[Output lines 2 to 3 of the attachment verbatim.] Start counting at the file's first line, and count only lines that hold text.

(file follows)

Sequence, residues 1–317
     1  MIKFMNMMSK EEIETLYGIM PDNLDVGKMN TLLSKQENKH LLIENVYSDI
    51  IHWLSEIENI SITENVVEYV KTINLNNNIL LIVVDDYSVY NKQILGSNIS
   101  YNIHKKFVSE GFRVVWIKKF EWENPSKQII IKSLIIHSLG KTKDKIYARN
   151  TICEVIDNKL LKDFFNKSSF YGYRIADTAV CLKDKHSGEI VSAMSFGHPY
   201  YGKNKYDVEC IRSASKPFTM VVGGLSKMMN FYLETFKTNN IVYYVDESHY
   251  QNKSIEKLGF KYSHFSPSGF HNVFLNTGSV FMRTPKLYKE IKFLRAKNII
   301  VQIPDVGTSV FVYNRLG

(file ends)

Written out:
     1  MIKFMNMMSK EEIETLYGIM PDNLDVGKMN TLLSKQENKH LLIENVYSDI
    51  IHWLSEIENI SITENVVEYV KTINLNNNIL LIVVDDYSVY NKQILGSNIS